The paper by McMahon and colleagues is an example of the current explosion of molecular genetic studies of complex genetic disorders, ranging from diabetes to bipolar mood disorder. Following their observation of an increase in maternal inheritance of bipolar mood disorder, they investigated a specific etiological mechanism. Although their etiological hypothesis of mitochondrial mutations was not confirmed, it is exciting that they were able to test a hypothesis that would have changed psychiatric diagnosis considerably. Higher levels of schizotaxia protection might have protected the senior author from moving away from the crowd studying nuclear genetic variants to establishing the mitochondrial genome as an important cause of metabolic, epileptic, and psychiatric syndromes (3).
It is important for authors to reveal their conflicts of interest. This editorial is written by someone who will enjoy the movement of psychiatric genetics into the future when a full genome screen will include complete sequencing of the nuclear (including Y chromosome) and mitochondrial genomes, study of methylation patterns contributing to control of gene expression (perhaps requiring imaging of DNA and RNA in specific neurons and glia), measurement of expansions of DNA in specific cell populations, and the pattern of histone acetylation contributing to gene expression.
The next milestone in the Human Genome Project will be completion of sequencing of most of the genes and surrounding regions before or soon after the publication of these articles. However, scientists with no or little concern for schizophrenia are following their love of originality by changing our concepts of nature and nurture by unraveling layer upon layer of the knowledge of how experience modifies the physical structure of genes. The most significant psychiatric genetic finding of 1999 was arguably the discovery that the MECP2 gene causes Rett syndrome, a pervasive developmental disorder included in the DSM-IV classification (4). It should not come as a surprise that a disorder involving complex cognitive and behavioral symptoms can be understood only by considering how MECP2 is involved in developmental regulation of gene expression.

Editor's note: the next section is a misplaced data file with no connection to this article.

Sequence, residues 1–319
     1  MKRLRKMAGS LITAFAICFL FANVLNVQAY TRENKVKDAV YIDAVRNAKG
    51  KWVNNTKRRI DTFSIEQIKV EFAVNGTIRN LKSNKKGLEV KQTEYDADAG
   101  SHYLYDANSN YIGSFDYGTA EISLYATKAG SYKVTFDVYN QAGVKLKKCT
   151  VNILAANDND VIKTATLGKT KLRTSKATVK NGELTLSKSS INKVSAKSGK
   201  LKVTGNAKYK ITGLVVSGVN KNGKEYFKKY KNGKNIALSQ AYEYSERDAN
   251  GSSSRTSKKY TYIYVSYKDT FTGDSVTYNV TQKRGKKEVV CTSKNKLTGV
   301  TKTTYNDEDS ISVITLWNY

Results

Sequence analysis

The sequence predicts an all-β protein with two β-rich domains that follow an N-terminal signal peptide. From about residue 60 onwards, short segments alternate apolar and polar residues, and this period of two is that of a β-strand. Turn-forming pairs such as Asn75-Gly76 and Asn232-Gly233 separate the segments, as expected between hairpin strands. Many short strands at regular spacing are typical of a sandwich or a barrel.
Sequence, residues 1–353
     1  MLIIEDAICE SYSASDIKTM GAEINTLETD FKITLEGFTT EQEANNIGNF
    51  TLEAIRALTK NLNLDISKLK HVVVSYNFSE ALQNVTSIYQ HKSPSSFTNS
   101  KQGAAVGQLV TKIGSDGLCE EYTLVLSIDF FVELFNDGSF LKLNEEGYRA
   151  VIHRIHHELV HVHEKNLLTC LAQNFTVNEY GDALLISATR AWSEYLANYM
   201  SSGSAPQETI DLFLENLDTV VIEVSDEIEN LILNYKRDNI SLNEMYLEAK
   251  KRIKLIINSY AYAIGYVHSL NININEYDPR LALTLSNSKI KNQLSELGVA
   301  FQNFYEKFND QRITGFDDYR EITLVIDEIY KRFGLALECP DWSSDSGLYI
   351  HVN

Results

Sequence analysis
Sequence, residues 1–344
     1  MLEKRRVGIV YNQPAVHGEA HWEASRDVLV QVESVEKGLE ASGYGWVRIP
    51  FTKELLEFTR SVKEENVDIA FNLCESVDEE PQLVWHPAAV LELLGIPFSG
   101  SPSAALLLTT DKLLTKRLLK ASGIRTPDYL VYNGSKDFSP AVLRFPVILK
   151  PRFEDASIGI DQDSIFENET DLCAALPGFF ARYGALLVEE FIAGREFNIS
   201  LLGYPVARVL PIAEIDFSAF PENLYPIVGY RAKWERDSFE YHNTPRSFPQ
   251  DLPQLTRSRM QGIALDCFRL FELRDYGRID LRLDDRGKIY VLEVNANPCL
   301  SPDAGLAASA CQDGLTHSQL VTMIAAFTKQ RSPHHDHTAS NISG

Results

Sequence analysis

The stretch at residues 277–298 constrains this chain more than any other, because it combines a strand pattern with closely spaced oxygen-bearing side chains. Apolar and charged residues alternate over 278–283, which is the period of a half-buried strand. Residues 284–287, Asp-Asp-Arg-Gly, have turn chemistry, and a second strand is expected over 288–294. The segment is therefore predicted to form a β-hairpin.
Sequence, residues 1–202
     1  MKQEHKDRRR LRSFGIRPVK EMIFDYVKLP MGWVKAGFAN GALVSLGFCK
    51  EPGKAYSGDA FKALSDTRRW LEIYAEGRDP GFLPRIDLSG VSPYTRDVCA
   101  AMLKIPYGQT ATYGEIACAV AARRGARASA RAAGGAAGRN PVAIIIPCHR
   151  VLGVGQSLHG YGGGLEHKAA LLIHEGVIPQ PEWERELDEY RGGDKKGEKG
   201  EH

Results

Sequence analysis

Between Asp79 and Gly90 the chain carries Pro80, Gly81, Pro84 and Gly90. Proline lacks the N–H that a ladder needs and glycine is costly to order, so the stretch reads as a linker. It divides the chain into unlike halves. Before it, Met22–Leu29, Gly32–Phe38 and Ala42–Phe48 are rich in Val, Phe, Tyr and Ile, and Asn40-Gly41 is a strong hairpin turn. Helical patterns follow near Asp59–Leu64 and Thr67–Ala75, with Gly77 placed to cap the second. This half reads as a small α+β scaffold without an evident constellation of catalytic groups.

Reduced risk for schizophrenia is consolation for those with so few schizotaxia genes to enjoy disruption of conventional thinking about static and deterministic genes unfolding in current molecular genetic research.
Address reprint requests to Dr. Cook, Department of Psychiatry—MC 3077, University of Chicago, 5841 S. Maryland Ave., Chicago, IL 60637; firstname.lastname@example.org (e-mail).